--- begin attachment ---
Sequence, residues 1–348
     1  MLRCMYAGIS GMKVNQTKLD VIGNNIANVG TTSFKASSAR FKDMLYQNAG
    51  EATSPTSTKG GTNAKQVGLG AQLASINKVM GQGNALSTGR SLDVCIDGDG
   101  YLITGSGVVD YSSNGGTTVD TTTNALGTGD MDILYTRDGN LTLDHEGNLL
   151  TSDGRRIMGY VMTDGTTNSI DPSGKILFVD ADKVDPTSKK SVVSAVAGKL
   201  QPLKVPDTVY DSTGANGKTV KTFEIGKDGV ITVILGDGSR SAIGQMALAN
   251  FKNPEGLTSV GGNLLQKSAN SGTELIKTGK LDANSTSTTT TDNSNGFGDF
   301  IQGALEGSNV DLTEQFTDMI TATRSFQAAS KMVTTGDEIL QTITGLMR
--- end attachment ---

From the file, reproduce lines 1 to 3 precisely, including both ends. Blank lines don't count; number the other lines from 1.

Sequence, residues 1–348
     1  MLRCMYAGIS GMKVNQTKLD VIGNNIANVG TTSFKASSAR FKDMLYQNAG
    51  EATSPTSTKG GTNAKQVGLG AQLASINKVM GQGNALSTGR SLDVCIDGDG